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Many folks sure don’t spin this gem! Still, who can blame how obscure Armageddon is in the realm of Metal? The genre shifting, theme revolving, member rotating group sure has a shitload of skill that the world has yet to pay attention to. I currently bought this album along with Three, which is a thrilling work of art on its own.
For those who know, Armageddon is the sole side project of Christopher Amott, guitar guru of Arch Enemy. In my words Chris is the special one of the Amott brothers; he displays both intricate guitar leads on all fronts of Metal and employs his resources, in combination with his designs, to formulate grand schemes that everyone appreciates (Three is a perfect example).
Chris performs superbly on this record, throwing all sorts of melodies, clear riffs, and enough worthy solos to make DragonForce FUGAZI – Yeah, it’s that much superior. Interesting display of riff and mesmerizing solo combinations can be heard in “Blind Fury,” the tight instrumental “Moongate Climber,” the title track, and the most compelling, gripping song on here – “World’s Apart.” The solos and the carefree mood of the guitar and synths are spellbinding I tell you!
Chris’s guitar blitzkrieg is accompanied by some serious bass support, held high and mighty by Dick Lövgren – a man with nothing to lose. Although the production follows the vocals and guitars, Dicky’s rumbling can be heard clearly enough. No concentration is necessary to hear the man’s work, which is very satisfying as you can kick back and hear every instrument execute its magic. “The Broken Spell,” “World’s Apart,” and “Cry Of Fate” are choice cuts to love Lövgren’s effort. Daniel Erlandsson acts like the Gestapo to the drums, oppressing it till kingdom come! Danny definitely stays on key with the rhythm no doubt, utilizing all that he has access to. The tracks he doesn’t appear on are the intro “Awakening” and “Grain Of Sand,” which also happens to be free of Lövgren as well. Sadly, his labor isn’t noticed first hand, as the guitars and vocals are the forefront of this album. Regardless, Chris hired two veterans in the business to help record this unnoticed masterpiece – do him a favor and LISTEN TO THIS!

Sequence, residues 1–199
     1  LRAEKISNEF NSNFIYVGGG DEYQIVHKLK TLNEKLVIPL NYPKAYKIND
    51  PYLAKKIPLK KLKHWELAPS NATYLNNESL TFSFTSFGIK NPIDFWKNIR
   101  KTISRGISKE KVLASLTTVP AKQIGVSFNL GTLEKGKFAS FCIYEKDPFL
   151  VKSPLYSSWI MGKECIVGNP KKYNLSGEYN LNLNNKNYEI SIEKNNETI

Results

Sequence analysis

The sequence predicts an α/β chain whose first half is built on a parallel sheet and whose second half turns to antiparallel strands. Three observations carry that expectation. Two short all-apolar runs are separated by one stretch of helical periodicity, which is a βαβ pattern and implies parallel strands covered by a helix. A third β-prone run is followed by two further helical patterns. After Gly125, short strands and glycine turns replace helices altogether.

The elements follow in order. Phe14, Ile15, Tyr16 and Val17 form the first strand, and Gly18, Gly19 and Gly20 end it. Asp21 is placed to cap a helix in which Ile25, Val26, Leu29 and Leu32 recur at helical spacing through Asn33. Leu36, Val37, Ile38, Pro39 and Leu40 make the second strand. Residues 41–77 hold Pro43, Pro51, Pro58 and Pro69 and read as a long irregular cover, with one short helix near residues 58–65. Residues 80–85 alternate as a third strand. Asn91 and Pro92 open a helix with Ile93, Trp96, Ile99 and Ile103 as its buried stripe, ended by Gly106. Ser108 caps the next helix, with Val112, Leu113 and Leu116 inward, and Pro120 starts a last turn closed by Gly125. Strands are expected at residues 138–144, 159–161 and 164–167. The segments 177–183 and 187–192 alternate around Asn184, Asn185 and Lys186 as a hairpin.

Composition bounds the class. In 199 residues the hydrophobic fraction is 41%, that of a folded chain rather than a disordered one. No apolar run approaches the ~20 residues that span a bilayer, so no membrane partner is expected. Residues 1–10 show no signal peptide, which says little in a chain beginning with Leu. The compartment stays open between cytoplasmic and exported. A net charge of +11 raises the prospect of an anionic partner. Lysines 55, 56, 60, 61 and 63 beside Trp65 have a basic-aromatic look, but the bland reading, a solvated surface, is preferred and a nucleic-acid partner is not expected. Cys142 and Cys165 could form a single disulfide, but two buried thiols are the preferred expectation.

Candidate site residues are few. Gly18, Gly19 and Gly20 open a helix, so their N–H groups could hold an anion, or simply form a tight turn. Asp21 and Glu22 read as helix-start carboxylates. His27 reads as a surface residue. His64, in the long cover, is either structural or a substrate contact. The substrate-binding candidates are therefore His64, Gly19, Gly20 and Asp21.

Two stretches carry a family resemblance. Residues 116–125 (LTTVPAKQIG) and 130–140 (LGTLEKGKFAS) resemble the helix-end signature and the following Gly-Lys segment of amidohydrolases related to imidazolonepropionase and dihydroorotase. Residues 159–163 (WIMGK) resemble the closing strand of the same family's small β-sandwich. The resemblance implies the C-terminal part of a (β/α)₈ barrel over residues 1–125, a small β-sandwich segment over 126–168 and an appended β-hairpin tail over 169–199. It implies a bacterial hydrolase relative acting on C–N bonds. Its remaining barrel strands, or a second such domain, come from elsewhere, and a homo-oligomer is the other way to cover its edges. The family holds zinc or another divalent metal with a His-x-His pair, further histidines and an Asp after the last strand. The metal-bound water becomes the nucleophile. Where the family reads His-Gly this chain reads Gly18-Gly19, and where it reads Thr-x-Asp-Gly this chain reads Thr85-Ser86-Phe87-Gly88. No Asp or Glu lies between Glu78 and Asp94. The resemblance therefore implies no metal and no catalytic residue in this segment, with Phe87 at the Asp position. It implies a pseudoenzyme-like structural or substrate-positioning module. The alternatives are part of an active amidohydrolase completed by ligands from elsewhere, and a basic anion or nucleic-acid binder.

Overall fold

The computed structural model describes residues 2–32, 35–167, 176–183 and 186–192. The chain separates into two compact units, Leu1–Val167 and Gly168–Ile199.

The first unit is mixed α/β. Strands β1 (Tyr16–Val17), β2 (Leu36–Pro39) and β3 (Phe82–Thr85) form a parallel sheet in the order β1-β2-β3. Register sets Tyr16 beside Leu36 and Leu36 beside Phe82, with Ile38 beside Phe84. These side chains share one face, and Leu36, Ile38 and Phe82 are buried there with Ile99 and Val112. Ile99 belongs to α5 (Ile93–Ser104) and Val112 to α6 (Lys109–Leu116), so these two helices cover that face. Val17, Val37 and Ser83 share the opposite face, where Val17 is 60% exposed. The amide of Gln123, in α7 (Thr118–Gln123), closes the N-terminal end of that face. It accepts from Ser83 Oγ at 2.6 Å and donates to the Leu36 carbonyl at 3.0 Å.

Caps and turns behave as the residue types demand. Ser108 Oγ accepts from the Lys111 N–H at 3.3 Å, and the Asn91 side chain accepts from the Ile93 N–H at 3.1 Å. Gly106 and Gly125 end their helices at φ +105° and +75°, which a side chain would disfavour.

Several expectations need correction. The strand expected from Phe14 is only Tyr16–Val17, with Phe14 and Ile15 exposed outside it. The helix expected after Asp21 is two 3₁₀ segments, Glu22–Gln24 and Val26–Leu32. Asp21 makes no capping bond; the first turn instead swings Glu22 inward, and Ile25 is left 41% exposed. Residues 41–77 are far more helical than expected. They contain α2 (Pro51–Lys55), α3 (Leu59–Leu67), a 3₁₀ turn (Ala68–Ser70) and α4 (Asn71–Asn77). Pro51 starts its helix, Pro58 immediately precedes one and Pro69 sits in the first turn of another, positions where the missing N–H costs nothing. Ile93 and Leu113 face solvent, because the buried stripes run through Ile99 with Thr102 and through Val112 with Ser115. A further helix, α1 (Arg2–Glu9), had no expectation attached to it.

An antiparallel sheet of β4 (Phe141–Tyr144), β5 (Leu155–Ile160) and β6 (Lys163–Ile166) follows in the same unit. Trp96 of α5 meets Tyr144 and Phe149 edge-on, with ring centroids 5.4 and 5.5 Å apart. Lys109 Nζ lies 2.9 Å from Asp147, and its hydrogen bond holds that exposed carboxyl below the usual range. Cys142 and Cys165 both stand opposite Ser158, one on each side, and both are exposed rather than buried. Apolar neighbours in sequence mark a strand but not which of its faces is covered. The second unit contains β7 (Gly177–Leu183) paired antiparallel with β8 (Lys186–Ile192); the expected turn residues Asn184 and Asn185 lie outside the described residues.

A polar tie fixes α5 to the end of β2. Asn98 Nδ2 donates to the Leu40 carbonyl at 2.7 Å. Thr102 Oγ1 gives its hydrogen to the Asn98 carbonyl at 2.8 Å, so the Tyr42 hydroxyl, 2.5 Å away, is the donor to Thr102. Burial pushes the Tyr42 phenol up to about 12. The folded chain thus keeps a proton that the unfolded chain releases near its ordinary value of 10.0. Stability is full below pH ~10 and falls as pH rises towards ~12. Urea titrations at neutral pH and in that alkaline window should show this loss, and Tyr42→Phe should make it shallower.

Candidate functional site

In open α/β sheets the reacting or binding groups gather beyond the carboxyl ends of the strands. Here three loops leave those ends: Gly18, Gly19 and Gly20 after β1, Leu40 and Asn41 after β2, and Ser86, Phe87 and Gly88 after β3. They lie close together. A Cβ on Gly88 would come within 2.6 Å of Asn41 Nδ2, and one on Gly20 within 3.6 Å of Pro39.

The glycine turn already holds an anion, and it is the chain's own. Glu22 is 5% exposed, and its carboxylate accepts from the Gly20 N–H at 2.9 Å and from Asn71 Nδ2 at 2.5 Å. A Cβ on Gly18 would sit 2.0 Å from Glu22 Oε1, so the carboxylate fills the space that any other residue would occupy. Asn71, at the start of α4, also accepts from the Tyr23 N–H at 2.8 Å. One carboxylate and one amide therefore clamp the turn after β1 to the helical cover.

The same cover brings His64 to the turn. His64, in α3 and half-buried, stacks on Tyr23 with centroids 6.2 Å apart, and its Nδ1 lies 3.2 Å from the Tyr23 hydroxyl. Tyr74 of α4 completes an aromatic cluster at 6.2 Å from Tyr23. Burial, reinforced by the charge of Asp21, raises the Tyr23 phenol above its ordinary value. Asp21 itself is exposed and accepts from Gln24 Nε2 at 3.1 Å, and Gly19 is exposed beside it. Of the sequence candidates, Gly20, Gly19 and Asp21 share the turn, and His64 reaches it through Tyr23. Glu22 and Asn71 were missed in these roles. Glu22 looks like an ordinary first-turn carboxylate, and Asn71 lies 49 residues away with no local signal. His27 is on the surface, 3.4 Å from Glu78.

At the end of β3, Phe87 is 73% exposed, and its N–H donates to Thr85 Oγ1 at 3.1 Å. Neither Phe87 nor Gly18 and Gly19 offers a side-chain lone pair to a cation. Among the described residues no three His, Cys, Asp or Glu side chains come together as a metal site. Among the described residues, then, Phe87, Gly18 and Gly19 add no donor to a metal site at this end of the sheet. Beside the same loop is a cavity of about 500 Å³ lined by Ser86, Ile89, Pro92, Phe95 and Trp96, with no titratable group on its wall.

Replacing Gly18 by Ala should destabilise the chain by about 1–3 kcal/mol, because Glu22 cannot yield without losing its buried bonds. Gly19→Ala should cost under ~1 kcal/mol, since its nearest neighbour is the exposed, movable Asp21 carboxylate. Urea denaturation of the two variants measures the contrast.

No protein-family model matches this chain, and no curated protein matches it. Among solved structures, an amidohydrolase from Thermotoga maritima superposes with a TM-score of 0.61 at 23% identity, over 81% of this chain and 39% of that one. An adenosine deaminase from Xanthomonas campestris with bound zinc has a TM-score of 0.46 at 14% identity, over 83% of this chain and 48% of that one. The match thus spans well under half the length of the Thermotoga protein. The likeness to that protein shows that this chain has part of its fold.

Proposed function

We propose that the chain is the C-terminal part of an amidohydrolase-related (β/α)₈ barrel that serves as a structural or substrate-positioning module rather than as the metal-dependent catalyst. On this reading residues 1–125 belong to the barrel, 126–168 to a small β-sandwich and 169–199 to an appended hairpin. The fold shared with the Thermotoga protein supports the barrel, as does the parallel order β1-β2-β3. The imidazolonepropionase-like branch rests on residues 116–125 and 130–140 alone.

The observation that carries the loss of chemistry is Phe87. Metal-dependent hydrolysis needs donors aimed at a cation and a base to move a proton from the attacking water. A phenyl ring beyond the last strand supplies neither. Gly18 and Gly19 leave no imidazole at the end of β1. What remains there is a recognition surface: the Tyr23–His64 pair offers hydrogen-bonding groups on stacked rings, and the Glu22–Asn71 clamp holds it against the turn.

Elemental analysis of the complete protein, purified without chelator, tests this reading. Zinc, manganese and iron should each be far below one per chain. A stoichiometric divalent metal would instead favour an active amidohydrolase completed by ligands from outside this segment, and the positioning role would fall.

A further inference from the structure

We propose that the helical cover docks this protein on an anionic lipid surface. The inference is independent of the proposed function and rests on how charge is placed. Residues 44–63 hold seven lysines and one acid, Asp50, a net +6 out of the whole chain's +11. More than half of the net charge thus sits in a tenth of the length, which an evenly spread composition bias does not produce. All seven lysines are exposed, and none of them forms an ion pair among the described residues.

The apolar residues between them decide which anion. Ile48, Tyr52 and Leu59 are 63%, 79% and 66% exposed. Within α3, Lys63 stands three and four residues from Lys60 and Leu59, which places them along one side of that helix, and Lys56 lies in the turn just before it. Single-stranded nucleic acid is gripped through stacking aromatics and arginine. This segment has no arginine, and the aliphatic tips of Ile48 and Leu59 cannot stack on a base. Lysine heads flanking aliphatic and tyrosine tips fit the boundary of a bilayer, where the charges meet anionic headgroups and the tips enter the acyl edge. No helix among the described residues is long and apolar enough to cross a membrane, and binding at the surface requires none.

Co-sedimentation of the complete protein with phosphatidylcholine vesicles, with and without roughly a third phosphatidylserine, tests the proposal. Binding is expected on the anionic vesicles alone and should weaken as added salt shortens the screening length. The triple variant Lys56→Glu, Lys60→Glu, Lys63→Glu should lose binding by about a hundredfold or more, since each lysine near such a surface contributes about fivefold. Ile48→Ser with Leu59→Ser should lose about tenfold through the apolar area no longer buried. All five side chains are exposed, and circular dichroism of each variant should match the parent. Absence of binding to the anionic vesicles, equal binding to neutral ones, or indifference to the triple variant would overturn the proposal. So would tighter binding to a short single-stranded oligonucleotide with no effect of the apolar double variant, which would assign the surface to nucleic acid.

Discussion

Two veterans? I must be shitting myself! I left out my main man Rickard Bengtsson who, besides Chris, leads the team to victory here. Later on he would improve his vocals in Last Tribe, another commendable Power Metal band. Nonetheless, his vocals are always loud, clear, and melodic as hell. I swear this man has so much embarrassment sucked out of him that he has his shirt half unbuttoned on the cover, exposing his hairy chest – no fucking joke. When the rest of the instruments become a lower priority, Rickard makes damn sure that his vocals are memorable. For one, he seems to be able to adjust to any speed, from the charging “The Broken Spell,” to the open “Illusions Tale,” and even on the acoustic, leisurely “Grain Of Sand.” I swear that the production also alters to make it sound like Bengtsson is singing to the entire world like on “Cry Of Fate,” which he carries out professionally and beautifully – even for a man. Do not pass on this his capabilities; he will surely make your time worth more than you thought.
Although the structure of all the songs follow the common application as most bands, the material within sure sounds fresh. While Chris does a fine job on lead guitar and vocalist today, the music feels so crisp that I would love to hear a sophomore to this particular release – despite the fact that it will never come true. This album will appeal highly to Power Metal enthusiasts or open-minded listeners, but may take some time to suck in for Arch Enemy fans. Even with Chris in it, you’ve strayed far from Melodic Death Metal territory – though his solos still sound similar in tone and pitch to his Arch Enemy work. Even with the 35 minute capacity this disk holds, you’ll feel that a lifetime has passed because the tracks are so fulfilling and full of life; or as put before by those who have heard this, “A much-needed breath of fresh air.”